Healthy Living in Stressful Times May Reduce Aging Effects

A woman looks stressed at work, while colleagues sit in the background.
(Image credit: Stressed woman via Shutterstock)

Maintaining a healthy lifestyle during troubling times may reduce some of the negative effects of stress on the body, and the accelerated aging that can come with it, researchers say.

In a new study of 239 women, ages 50 to 65, researchers examined whether having a healthy diet, exercising and sleeping well could reduce the effects of stress and aging at the cellular level. The study participants reported their health and behaviors, as well as whether any major stressful events such as losing a job or going through a divorce, that occurred during the yearlong study.

To look at the effect of stress on cells, the researcher measured the length of cell structures called telomeres, which are protective "caps" at the end of chromosomes. Telomeres shorten slightly each time cells divide, and their length is thought to be an index of a cell's aging. The researchers took blood samples from the participants, once at the beginning of the study and again a year later, to measure the changes in the white blood cell's telomeres.  

The results showed that major stressful events were linked with a shortening of telomeres. However, healthy behaviors had a mitigating effect — women who engaged in more healthful behaviors experienced a smaller decline in telomere length for every major stressful event that occurred during the year. [8 Tips for Healthy Aging]

But women who exercised less, ate poorly and slept less had more telomere shortening, even though they had similar levels of stress, according to the study, published today (July 29) in the journal Molecular Psychiatry.

The findings suggest "that keeping active, and eating and sleeping well during periods of high stress are particularly important to attenuate the accelerated aging of our immune cells," study researcher Eli Puterman, an assistant professor of psychiatry at the University of California, San Francisco, said in a statement.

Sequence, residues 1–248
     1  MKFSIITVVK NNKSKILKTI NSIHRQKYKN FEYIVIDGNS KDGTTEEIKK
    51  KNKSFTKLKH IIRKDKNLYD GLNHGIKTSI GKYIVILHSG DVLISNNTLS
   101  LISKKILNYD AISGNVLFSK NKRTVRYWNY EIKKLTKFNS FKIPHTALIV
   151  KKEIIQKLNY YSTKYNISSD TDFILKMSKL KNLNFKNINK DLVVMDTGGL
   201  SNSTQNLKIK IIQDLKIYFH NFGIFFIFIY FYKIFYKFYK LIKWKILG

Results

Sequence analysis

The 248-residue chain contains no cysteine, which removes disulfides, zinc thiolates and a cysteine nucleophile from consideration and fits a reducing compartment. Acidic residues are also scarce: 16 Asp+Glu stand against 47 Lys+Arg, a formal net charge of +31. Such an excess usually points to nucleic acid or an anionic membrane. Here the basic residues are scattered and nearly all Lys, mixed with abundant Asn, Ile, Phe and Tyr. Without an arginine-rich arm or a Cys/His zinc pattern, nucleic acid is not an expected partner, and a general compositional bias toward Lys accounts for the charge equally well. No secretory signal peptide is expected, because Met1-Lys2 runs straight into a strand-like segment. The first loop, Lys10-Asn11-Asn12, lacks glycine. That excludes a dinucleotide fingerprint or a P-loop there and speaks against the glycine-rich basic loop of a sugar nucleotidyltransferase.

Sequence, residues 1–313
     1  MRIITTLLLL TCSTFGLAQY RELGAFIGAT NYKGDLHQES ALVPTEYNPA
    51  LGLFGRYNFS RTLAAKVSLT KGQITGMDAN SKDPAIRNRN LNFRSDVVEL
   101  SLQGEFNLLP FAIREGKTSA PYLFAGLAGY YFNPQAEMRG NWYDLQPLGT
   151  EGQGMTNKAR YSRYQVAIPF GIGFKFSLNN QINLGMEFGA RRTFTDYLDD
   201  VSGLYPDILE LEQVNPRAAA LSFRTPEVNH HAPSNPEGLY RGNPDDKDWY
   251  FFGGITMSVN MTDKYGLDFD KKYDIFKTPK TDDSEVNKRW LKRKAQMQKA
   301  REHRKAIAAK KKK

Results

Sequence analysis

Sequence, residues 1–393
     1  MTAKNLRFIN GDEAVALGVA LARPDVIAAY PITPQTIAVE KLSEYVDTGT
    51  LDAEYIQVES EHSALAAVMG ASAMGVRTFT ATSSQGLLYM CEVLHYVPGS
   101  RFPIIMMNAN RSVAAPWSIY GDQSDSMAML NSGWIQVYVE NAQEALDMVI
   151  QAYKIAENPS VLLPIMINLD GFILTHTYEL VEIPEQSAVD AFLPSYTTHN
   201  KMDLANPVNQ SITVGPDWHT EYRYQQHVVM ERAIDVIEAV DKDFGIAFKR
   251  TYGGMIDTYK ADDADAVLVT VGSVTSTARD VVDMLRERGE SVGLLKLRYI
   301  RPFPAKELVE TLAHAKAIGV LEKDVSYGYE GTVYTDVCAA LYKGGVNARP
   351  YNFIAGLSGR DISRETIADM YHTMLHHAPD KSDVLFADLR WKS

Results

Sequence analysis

"It's very important that we promote healthy living, especially under circumstances of typical experiences of life stressors like death, caregiving and job loss," Puterman said.

The findings are in line with those of previous studies that have found links between the pace of telomere shortening and people's lifestyles and mental health. Still, the researchers noted that how a person ages is a result of a complex interplay between genetics, behaviors and stressors over their life span. 

Generally, one year is thought to be a short period of time for telomeres to show much change in length, the researchers said. As expected, they found telomere length was generally stable over the study period, and in the majority of women, their telomeres remained within 5 percent of their original telomere length. However, the researchers were still able to find changes linked to stressors and lifestyle behaviors over the previous year, they wrote in their study.

Other researchers on the study were Jue Lin, Elissa Epel and Elizabeth Blackburn, who are co-founders of Telome Health, a company that works in telomere biology. Blackburn and two other U.S. scientists pioneered research on telomere function in cell aging, and discovered the enzyme that builds telomeres, which earned them the 2009 Nobel Prize in medicine.

"These new results are exciting yet observational at this point," Blackburn said. "They do provide the impetus to move forward with interventions to modify lifestyle in those experiencing a lot of stress, to test whether telomere attrition can truly be slowed."

Email Bahar Gholipour. Follow Live Science @livescience, Facebook & Google+. Originally published on Live Science.

Bahar Gholipour
Staff Writer
Bahar Gholipour is a staff reporter for Live Science covering neuroscience, odd medical cases and all things health. She holds a Master of Science degree in neuroscience from the École Normale Supérieure (ENS) in Paris, and has done graduate-level work in science journalism at the State University of New York at Stony Brook. She has worked as a research assistant at the Laboratoire de Neurosciences Cognitives at ENS.